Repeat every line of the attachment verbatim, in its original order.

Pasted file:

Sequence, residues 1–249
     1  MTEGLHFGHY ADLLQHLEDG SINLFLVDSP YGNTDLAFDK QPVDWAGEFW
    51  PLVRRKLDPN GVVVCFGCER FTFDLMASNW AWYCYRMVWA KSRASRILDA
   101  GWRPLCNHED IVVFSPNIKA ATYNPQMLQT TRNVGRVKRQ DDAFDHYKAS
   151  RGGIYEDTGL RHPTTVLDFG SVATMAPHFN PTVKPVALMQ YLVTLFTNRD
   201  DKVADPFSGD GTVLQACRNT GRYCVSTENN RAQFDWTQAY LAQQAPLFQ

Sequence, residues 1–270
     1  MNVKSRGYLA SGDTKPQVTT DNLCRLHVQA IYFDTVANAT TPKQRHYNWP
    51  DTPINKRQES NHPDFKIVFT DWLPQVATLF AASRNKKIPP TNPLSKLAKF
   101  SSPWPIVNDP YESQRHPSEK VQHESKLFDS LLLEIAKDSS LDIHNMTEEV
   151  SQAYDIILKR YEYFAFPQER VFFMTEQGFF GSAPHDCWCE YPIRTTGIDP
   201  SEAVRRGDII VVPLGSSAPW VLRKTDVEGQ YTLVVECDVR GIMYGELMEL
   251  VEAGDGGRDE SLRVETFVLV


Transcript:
Sequence, residues 1–249
     1  MTEGLHFGHY ADLLQHLEDG SINLFLVDSP YGNTDLAFDK QPVDWAGEFW
    51  PLVRRKLDPN GVVVCFGCER FTFDLMASNW AWYCYRMVWA KSRASRILDA
   101  GWRPLCNHED IVVFSPNIKA ATYNPQMLQT TRNVGRVKRQ DDAFDHYKAS
   151  RGGIYEDTGL RHPTTVLDFG SVATMAPHFN PTVKPVALMQ YLVTLFTNRD
   201  DKVADPFSGD GTVLQACRNT GRYCVSTENN RAQFDWTQAY LAQQAPLFQ

Sequence, residues 1–270
     1  MNVKSRGYLA SGDTKPQVTT DNLCRLHVQA IYFDTVANAT TPKQRHYNWP
    51  DTPINKRQES NHPDFKIVFT DWLPQVATLF AASRNKKIPP TNPLSKLAKF
   101  SSPWPIVNDP YESQRHPSEK VQHESKLFDS LLLEIAKDSS LDIHNMTEEV
   151  SQAYDIILKR YEYFAFPQER VFFMTEQGFF GSAPHDCWCE YPIRTTGIDP
   201  SEAVRRGDII VVPLGSSAPW VLRKTDVEGQ YTLVVECDVR GIMYGELMEL
   251  VEAGDGGRDE SLRVETFVLV